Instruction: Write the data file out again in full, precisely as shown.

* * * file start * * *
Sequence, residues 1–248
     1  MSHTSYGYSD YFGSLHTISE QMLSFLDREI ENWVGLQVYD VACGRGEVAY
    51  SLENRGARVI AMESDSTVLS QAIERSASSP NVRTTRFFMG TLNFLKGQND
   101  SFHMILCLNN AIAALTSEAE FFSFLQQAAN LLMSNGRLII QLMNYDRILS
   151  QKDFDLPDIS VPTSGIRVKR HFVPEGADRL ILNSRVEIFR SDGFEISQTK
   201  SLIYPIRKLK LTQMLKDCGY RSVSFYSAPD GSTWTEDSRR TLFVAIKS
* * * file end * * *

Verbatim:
Sequence, residues 1–248
     1  MSHTSYGYSD YFGSLHTISE QMLSFLDREI ENWVGLQVYD VACGRGEVAY
    51  SLENRGARVI AMESDSTVLS QAIERSASSP NVRTTRFFMG TLNFLKGQND
   101  SFHMILCLNN AIAALTSEAE FFSFLQQAAN LLMSNGRLII QLMNYDRILS
   151  QKDFDLPDIS VPTSGIRVKR HFVPEGADRL ILNSRVEIFR SDGFEISQTK
   201  SLIYPIRKLK LTQMLKDCGY RSVSFYSAPD GSTWTEDSRR TLFVAIKS